Vela Spila (Big Cave) (Korcula Island)

Vela Spila (Big Cave) (Korcula Island)


Description of the Vela Spila or Big Cave

Vela Spila or Big Cave on a Croatian Korcula Island is a large cave situated above a town of Vela Luka. This cavern is measured at 17 meters, 40 meters in length and about 40 meters wide. Openings in the roof the cave have collapsed due to natural erosion. It is particularly famous for archaeological digs here that discovered human remains (known locally as Baba i Dida or Grandma and Grandpa in Croatian), early examples of ceramic art, weapons and numerous tools that date back to Mesolithic and Neolithic periods. The oldest artifacts here date back 20,000 years ago. These items are kept in a museum in Vela Luka just below the Vela Spila Cave.


There is an unbroken sequence of sediments from the late Mesolithic to the Neolithic. Radiocarbon dated finds suggest seasonal human presence for hunting and the collection of marine resources from 20,000 years BC. Three child burials were discovered between 1986 and 1998 in the younger Mesolithic layers. Further findings are dated between 13,500 and 12,600 BC.

Eneolithic layers account for non-permanent human occupation of the cave, attributed to the Hvar Culture. This period is immediately being followed by a compact layer of the Bronze Age.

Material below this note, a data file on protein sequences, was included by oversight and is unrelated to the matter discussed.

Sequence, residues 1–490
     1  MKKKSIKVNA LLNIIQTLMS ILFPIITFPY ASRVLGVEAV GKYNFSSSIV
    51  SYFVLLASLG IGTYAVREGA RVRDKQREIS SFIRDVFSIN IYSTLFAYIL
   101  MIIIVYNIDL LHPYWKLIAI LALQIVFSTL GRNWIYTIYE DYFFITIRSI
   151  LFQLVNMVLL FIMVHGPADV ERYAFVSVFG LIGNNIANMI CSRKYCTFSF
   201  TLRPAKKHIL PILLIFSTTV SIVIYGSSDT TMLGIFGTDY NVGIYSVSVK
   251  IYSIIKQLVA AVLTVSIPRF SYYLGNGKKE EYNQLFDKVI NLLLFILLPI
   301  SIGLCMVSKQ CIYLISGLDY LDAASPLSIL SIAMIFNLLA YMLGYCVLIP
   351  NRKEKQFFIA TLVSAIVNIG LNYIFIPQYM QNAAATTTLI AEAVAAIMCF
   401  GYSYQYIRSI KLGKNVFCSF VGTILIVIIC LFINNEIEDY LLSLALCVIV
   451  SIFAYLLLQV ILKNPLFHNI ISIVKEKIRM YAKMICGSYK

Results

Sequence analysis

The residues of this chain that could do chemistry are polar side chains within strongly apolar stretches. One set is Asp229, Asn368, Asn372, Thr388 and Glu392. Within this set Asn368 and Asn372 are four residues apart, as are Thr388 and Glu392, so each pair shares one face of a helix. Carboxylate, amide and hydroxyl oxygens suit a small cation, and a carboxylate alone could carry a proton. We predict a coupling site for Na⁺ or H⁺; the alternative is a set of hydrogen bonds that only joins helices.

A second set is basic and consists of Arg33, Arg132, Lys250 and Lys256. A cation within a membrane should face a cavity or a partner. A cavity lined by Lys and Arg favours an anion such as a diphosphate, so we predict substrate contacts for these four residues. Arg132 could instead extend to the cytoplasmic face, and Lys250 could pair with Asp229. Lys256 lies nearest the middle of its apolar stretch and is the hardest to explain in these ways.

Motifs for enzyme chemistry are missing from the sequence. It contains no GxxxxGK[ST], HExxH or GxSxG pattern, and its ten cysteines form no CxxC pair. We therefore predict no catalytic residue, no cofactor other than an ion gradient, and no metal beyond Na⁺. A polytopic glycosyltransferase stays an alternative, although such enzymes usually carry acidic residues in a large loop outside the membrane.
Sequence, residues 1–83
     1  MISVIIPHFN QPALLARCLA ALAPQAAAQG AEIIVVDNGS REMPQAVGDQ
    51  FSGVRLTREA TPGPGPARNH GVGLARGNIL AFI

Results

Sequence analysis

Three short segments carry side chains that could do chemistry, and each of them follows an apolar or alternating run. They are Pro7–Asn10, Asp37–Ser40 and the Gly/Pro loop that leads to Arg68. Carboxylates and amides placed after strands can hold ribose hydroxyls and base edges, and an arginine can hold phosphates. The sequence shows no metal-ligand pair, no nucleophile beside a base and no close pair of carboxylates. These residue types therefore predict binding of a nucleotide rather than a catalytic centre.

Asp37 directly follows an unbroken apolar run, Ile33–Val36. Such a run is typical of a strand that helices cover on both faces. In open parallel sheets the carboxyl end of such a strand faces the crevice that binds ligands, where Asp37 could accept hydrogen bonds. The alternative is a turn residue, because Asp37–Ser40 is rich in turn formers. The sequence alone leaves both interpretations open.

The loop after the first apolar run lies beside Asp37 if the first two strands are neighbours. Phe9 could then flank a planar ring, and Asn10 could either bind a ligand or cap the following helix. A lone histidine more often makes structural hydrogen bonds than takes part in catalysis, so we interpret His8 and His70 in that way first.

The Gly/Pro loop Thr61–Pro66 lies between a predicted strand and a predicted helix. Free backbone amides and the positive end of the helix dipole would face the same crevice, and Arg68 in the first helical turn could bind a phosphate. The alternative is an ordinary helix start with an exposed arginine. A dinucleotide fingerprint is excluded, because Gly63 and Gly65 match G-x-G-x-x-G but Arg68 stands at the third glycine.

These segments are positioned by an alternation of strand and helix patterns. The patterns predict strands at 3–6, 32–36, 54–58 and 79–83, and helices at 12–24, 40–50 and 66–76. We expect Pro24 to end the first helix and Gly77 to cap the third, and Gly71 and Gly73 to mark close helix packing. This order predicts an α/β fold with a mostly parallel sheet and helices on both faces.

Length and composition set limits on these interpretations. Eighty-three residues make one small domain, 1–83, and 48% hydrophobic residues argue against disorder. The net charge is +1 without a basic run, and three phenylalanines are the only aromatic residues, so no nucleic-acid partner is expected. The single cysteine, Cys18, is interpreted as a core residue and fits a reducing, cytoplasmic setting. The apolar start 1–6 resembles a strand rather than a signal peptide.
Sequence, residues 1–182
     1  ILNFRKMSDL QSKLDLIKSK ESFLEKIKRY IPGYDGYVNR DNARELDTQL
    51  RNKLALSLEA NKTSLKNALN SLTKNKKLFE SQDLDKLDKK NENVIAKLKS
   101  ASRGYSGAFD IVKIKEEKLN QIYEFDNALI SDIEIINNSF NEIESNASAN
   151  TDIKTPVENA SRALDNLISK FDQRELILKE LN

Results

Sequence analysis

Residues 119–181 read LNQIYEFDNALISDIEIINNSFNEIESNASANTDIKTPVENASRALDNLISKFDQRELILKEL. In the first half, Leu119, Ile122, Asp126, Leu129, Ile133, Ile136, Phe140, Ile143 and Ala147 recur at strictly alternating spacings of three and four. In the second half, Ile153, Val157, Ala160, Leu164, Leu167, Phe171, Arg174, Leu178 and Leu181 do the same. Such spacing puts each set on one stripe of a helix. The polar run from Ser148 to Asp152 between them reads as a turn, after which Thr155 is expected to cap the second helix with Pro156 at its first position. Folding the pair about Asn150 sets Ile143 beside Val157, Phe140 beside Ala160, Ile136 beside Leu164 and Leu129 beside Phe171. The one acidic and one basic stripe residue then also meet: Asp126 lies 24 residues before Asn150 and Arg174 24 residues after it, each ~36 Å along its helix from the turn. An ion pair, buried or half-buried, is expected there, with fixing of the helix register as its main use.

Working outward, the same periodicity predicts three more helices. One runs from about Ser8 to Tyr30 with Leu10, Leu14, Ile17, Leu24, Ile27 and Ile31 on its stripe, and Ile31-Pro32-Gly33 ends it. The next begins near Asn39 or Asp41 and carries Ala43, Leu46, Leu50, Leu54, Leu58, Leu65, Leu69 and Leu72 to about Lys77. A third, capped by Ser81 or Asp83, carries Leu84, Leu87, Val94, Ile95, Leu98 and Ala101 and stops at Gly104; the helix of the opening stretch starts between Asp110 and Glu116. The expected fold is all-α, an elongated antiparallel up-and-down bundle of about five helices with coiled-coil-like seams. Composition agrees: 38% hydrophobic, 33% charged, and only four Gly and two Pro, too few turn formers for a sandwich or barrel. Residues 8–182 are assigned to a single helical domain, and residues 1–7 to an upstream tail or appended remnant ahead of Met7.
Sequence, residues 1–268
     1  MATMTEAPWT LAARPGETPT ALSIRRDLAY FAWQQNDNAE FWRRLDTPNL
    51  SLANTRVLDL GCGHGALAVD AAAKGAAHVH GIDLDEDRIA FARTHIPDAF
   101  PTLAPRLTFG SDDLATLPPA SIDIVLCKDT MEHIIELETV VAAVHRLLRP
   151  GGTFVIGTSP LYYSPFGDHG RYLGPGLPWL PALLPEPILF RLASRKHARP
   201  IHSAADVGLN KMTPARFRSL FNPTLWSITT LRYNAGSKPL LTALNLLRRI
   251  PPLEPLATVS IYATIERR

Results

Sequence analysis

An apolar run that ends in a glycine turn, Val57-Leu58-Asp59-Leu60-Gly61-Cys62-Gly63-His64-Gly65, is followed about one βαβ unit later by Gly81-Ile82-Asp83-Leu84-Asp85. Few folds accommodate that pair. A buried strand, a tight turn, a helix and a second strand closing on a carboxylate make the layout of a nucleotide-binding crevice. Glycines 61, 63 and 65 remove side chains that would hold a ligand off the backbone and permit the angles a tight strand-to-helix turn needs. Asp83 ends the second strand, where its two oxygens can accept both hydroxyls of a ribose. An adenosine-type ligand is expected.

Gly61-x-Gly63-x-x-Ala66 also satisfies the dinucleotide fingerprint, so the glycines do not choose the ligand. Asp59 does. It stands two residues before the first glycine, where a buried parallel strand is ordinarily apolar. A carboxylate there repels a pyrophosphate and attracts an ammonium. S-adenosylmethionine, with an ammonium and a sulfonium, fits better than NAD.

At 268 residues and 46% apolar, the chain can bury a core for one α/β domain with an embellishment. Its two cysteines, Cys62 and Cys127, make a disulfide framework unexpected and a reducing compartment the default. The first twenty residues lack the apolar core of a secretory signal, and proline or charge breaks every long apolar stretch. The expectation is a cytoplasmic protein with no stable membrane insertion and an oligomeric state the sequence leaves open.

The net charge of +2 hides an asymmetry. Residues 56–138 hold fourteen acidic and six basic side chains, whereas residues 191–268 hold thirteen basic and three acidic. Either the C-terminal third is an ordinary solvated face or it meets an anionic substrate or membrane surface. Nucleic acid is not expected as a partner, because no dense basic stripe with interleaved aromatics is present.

The archeological finds are on display at the Centre for Culture in Vela Luka. In 2009 National Geographic (Hrvatska) featured an article about Vela Spila.

In 1986, remains of two adults where found. Scientific research dated their bodies back to late Neolithic times. The local towns people of Vela Luka called them Baba i Dida, meaning Grandma & Grandpa.

Further excavations between 2001 and 2006, produced 36 ceramic artifacts dated to the late Upper Palaeolithic period, about 17,500 to 15,000 years ago. These finds are the only examples of ceramic figurative art in southeastern Europe during the Upper Palaeolithic.